Riccardo Muti conducts the Chicago Symphony Orchestra last year. On Thursday… (Brent Lewis/Chicago Tribune )
The tempo marking for the second movement of Brahms’ Symphony No. 2 is adagio non troppo – slow but not too slow. One member of the audience watching the Chicago Symphony Orchestra this week apparently thought it was marked furioso.
He got into a fistfight.
The Brahms Second is one of the mainstays of the Romantic repertoire, but the incident that erupted in Chicago brings to mind one of the more memorable — and violent — moments in 20th century music, the riot that broke out in Paris during the premiere of Igor Stravinsky’s “The Rite of Spring” in 1913.
Like the debut of “Rite,” police were summoned Thursday night to Orchestra Hall. In this instance, however, the issue apparently was seating, not the spiky rhythms and daring harmonies that triggered fisticuffs at the Theatre des Champs-Elysees.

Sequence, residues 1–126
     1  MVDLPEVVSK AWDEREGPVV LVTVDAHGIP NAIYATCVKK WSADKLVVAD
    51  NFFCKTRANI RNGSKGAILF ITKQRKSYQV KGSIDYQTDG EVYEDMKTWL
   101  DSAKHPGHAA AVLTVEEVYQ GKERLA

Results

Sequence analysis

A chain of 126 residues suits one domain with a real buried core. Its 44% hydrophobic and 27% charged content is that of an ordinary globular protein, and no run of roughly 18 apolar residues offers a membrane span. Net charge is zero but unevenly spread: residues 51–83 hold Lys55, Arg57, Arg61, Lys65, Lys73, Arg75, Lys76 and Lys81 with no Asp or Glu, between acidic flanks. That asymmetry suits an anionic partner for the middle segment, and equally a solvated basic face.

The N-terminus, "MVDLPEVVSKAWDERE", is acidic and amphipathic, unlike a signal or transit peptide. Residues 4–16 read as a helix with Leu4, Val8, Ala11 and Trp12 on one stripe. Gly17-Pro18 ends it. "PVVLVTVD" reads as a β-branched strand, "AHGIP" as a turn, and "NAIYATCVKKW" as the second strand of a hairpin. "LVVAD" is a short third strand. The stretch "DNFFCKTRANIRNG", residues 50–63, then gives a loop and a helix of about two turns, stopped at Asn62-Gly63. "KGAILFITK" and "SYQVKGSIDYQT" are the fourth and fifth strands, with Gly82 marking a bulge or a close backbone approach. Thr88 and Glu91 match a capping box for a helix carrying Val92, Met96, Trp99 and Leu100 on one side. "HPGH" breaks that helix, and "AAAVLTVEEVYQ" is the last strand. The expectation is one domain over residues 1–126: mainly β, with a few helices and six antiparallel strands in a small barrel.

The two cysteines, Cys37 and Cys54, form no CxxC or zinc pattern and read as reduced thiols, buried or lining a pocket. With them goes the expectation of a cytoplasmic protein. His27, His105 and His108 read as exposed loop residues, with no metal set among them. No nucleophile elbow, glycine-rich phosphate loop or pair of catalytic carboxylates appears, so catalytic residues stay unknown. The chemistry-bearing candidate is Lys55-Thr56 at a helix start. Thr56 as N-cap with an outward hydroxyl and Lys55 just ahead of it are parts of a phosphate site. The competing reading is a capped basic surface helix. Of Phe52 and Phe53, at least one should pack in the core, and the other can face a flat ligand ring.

As the Chicago Sun-Times reported Friday night, the second movement of the Brahms was drawing to a sigh-like close when, up in the boxes, a man believed to be in his 30s began punching a 67-year-old man.
Steve Robinson, general manager of Chicago’s classical and folk music station 98.7 WFMT, was among those in the audience. He didn’t see the fight, but he knew something was amiss.
“We heard a rather loud thump,” Robinson told the newspaper.
The younger man fled before police arrived. The older man received a cut to the forehead.
Another person who heard the scuffle was orchestra conductor Riccardo Muti. As the Sun-Times reported, he kept conducting but looked over his shoulder at the combatants with “dagger eyes.”
Molto agitato, indeed.
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